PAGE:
$3.45m worth of good ideas: Four Macquarie projects win NHMRC funding


Exciting discoveries in the treatment of Alzheimer’s disease, stroke, cardiovascular disease, dementia and motor neuron disease could be on the horizon, with the announcement of NHMRC Ideas Grants funding for researchers in the Faculty of Medicine, Health and Human Sciences.

In congratulating the grant recipients, Deputy Vice-Chancellor (Research) Professor Sakkie Pretorius says all Macquarie staff can feel proud to be part of a research institution generating the knowledge behind tomorrow’s healthcare.

“These projects are a true embodiment of MQ Health’s ‘Heal.Learn.Discover’ mission, delivering innovations that will go on to help millions of people – and potentially save hundreds of thousands of lives,” he says. “This funding is the result of the extraordinary work and dedication of many talented researchers and support staff, and I congratulate them all on this success.”

Congratulations to our new NHMRC Ideas Grants recipients

fath-project_inesetProfessor Thomas Fath (Lead Chief Investigator); Dr Janet Van Eersel and Dr Magdalena Przybyla (Chief Investigators)

$1,252,244 for ‘Unraveling the molecular mechanism of tau spread in Alzheimer’s disease’

Dementia is the second biggest cause of death in Australia and in this project, Professor Fath’s team will look at the progression of Alzheimer’s disease, which is still poorly understood.

Recent findings by the team suggest that core cellular pathways and building blocks of nerve cell connections are required to allow the spread of pathology in the brain. The project will look at whether these pathways can be used as effective targets to intercept the disease and prevent further cognitive decline.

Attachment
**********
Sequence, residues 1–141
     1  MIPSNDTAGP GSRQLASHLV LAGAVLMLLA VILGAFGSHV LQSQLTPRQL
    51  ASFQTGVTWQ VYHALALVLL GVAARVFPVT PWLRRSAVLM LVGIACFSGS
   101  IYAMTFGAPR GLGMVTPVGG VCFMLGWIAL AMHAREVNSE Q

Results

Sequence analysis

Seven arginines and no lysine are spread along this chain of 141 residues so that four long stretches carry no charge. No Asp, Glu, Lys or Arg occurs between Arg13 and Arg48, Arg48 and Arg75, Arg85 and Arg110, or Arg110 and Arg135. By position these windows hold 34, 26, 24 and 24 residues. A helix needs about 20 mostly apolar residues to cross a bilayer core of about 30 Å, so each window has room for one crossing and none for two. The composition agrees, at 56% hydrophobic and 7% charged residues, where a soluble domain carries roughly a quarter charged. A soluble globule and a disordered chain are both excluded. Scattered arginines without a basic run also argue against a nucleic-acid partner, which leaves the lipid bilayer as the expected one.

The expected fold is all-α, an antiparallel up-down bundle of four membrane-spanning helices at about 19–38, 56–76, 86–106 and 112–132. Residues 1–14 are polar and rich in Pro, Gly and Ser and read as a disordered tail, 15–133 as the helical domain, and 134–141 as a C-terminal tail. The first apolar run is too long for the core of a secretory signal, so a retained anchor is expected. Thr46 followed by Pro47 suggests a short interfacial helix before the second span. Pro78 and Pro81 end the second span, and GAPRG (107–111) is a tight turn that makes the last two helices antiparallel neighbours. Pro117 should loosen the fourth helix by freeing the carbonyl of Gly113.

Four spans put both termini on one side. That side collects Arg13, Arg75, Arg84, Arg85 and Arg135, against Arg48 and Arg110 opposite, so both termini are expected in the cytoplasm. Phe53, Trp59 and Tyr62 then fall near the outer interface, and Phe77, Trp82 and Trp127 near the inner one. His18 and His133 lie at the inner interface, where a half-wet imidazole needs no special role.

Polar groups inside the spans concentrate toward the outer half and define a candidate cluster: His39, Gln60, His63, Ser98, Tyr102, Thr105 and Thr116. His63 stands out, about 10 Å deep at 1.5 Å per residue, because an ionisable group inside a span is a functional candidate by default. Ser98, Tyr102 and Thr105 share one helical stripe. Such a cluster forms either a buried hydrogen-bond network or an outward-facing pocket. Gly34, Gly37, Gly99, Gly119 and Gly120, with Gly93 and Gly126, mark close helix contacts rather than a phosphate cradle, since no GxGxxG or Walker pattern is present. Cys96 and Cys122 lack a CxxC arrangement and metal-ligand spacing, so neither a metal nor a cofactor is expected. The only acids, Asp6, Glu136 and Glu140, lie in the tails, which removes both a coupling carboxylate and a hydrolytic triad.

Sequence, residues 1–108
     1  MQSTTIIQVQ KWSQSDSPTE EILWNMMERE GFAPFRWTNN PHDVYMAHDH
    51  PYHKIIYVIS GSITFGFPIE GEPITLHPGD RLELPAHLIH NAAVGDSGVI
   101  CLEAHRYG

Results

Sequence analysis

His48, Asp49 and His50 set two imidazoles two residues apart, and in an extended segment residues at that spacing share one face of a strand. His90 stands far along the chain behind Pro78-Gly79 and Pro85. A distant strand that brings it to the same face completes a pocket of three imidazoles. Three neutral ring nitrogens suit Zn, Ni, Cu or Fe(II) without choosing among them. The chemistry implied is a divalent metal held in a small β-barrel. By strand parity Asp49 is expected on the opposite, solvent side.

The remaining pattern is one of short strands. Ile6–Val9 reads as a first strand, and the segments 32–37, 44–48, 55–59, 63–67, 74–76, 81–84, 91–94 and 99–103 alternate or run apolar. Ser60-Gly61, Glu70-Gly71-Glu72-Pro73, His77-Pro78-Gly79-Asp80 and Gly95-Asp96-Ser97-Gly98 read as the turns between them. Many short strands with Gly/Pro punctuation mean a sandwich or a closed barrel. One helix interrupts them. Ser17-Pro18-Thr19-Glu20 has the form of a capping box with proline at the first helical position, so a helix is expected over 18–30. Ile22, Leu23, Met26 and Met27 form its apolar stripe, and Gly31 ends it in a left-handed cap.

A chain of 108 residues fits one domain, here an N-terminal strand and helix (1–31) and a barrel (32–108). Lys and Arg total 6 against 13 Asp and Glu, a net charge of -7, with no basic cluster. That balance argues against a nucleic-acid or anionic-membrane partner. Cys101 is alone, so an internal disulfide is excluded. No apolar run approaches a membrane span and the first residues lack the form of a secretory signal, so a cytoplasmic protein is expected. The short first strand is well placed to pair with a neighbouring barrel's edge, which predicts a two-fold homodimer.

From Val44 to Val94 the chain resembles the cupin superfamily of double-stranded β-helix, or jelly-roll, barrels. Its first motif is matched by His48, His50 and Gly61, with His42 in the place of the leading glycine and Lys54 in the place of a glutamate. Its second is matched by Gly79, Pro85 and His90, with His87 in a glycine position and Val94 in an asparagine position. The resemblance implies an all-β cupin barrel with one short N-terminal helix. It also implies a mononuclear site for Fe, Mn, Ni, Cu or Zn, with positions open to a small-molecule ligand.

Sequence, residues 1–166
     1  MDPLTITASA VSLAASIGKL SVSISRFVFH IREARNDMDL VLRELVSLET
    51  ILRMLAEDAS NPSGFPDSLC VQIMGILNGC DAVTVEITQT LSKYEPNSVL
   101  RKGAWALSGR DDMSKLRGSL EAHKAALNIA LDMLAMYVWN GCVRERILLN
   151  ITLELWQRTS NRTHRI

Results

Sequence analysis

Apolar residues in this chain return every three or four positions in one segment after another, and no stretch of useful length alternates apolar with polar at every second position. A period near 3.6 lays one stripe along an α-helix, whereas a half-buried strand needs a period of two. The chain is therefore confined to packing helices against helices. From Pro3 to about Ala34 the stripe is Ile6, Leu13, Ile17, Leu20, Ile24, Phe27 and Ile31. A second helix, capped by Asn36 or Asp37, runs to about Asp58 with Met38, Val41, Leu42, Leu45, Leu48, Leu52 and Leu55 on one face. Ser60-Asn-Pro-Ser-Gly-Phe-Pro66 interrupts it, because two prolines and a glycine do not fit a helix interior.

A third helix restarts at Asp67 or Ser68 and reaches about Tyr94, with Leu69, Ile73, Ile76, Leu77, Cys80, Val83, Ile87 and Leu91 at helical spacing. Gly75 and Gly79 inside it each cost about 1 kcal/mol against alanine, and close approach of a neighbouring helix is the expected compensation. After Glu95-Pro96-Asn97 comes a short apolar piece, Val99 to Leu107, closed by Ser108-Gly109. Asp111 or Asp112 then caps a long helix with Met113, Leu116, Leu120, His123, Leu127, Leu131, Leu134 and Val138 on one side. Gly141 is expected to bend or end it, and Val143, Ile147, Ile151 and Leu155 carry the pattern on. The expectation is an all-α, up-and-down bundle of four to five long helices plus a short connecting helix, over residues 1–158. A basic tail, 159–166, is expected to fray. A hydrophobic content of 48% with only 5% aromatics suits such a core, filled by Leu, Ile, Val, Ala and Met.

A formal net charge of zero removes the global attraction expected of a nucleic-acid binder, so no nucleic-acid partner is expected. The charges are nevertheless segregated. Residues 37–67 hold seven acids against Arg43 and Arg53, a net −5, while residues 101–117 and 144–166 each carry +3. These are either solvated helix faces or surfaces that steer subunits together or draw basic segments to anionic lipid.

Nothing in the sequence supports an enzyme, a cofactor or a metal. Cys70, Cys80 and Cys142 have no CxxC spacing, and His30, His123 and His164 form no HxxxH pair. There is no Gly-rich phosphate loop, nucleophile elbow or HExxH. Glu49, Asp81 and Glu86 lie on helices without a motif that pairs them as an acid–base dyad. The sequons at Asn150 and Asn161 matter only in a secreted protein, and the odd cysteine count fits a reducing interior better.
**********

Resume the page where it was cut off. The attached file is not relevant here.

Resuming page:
stoodley-project_insetProfessor Marcus Stoodley (Lead Chief Investigator); Dr Lucinda McRobb (Chief Investigator)

$993,866 for ‘Preventing stroke from arteriovenous malformations using precision thrombosis’

This project will focus on malformations in the brain called AVMs, which are the main cause of stroke in children and young adults. Most large AVMs are untreatable, leaving one-third of young patients at constant risk of sudden death or lifelong neurological disability.

The team aims to develop and clinically trial new medicines that – when combined with focused radiation – will block the abnormal vessels, preventing them from bleeding and causing stroke.

ke-project_insetAssociate Professor Yazi Ke (Lead Chief Investigator); Dr Annika Van Hummel  and Dr Alexandra Daryl Ariawan (Chief Investigators)

$687,444 for ‘Targeting pathogenic TAR DNA-binding protein 43 to treat frontotemporal dementia and motor neuron disease’

Frontotemporal dementia and motor neuron disease are rapidly progressive and fatal neurodegenerative diseases that affect people in their prime. Poor understanding of the processes that lead to these diseases have slowed drug development.

Through innovative experimental design, the team aims to decipher a novel disease mechanism that involves specific molecular interactions and translate these findings into new therapies for the diseases.

Associate Professor Simon McMullan (Lead Chief Investigator); Dr Cara Hildreth and Dr Peter Burke (Chief Investigators)

$517,958 for ‘Innate threat detection circuits in the superior colliculus co-ordinate respiratory and cardiovascular responses to visual stimuli’

Our surroundings have a physical effect on bodies, and things like light pollution, traffic, and aircraft noise all significantly affect cardiovascular health. Syndromes that make people hyper-sensitive to sensory stimuli (such as post-traumatic stress disorder) can sometimes even double cardiovascular risk in these patients.

This project will investigate the interactions between systems in our brain that subconsciously scan our surroundings for interesting or threatening features, and those that co-ordinate our cardiovascular and respiratory systems. The findings will significantly improve understanding of how sensory information affects the autonomic nervous system.






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